It is an undisputed fact that a truck owner in return for hauling a load of freight received 55% of the gross payment made to respondent by the shipper or consignee.

*514 The trial court determined the relationship of employer and workman existed under G.S. 1949, Chap. 44, Art. 5, and G.S. 1955 Supp. Chap. 44, Art. 5; it determined the accidental injury suffered by claimant was compensable thereunder; and in conformance therewith, it computed the compensation of claimant for his services to respondent on 20% of the gross revenue. The overall award was for 145 weeks at the rate of $1.75 per week.

Claimant contends this court should decide the proper method for determining his weekly wage and his resulting compensation, but this is not possible on the record before us. The record does not reflect the elements of the expenses on the truck driven by claimant and we are unable to adopt the computation of weekly wage suggested by claimant in his brief. He cites Workman v. Kansas City Bridge Co., 144 Kan. 139, 58 P.2d 90. There the employee's wage was definitely ascertainable, which makes the case inapplicable here. The more recent case of Borchardt v. City of Leawood, 178 Kan. 705, 290 P.2d 811, involving a part time policeman, is also cited by him. It did not present the same situation that we have. Another case called to our attention is Leslie v. Reynolds, 179 Kan. 422, 295 P.2d 1076, but likewise that case is no help to us in answering the questions presented by claimant.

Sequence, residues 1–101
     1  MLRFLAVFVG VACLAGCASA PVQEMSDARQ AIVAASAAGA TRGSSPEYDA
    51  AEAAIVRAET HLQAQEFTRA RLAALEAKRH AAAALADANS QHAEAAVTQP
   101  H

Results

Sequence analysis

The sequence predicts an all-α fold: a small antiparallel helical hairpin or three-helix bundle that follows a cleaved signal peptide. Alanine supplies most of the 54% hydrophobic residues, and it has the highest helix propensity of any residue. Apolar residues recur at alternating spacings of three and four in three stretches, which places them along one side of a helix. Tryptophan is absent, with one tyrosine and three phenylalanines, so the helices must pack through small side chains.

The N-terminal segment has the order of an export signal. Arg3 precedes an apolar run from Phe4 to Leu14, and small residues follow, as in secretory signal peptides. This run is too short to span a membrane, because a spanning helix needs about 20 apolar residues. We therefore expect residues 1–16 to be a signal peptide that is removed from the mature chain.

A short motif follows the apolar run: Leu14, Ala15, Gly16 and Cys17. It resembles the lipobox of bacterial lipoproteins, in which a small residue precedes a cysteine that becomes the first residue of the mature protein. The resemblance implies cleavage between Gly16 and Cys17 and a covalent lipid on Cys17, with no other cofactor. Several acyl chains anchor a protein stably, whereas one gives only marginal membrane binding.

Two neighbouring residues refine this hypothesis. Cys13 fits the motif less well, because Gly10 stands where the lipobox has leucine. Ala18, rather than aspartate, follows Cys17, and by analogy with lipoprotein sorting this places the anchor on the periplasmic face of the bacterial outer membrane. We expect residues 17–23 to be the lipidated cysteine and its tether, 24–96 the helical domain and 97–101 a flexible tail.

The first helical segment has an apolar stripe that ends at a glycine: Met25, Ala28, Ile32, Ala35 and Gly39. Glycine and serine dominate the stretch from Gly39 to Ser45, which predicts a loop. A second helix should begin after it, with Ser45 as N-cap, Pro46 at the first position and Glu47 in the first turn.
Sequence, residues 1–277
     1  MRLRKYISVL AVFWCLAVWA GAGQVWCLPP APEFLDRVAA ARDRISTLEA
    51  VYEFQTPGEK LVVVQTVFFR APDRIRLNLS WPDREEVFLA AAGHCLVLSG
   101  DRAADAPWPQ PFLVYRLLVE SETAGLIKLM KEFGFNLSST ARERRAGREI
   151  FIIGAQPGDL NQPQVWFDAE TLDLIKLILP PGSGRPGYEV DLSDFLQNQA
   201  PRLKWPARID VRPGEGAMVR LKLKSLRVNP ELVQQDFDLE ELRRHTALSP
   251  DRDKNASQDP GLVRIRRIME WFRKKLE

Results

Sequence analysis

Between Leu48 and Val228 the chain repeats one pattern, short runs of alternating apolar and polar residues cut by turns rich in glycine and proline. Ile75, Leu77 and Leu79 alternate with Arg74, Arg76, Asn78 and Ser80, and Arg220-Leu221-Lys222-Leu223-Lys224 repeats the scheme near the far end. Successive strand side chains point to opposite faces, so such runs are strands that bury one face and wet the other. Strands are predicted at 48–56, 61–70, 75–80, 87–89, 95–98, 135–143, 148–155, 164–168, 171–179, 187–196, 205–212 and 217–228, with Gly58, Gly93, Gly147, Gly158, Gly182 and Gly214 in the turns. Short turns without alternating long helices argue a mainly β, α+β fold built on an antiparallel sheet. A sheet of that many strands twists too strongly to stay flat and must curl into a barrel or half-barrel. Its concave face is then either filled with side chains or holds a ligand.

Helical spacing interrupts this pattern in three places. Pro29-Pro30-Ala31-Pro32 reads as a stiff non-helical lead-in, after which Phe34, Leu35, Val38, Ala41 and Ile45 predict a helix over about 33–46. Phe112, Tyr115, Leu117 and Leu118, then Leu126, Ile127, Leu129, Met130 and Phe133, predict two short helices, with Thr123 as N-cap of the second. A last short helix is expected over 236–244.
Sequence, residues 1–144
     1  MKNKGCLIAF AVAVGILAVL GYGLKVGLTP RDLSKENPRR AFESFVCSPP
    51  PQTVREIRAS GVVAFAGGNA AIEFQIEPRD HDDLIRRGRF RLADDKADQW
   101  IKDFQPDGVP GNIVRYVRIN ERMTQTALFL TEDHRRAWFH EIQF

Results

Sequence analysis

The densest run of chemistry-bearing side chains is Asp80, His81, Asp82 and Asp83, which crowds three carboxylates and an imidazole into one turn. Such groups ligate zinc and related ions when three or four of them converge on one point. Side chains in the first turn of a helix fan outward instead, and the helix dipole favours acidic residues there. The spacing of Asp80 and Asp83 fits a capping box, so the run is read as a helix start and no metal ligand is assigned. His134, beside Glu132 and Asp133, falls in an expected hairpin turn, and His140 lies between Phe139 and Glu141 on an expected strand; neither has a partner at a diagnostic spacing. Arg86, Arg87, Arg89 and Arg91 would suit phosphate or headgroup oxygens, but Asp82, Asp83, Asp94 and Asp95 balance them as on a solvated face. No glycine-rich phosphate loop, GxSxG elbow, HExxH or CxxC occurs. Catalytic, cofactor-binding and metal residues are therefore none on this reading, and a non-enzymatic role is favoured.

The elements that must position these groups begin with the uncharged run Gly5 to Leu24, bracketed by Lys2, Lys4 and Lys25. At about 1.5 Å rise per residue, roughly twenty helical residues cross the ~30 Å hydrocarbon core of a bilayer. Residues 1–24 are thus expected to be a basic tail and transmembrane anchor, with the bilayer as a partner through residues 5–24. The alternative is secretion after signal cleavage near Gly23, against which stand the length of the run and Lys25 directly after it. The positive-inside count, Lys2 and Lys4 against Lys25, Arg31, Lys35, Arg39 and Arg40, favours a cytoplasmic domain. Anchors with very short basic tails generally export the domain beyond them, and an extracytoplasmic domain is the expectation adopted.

We are committed to the often-repeated rule of this court that an appeal in a workmen's compensation case is limited to matters of law. We cannot weigh evidence whereby a different conclusion as to the facts involved could be reached than that reached by the trial court. (G.S. 1949, 44-556; McMillan v. Kansas Power & Light Co., 157 Kan. 385, 388, 139 P.2d 854; Copenhaver v. Sykes, 160 Kan. 238, 239, 160 P.2d 235; Hilyard v. Lohmann-Johnson Drilling Co., 168 Kan. 177, 181, 211 P.2d 89.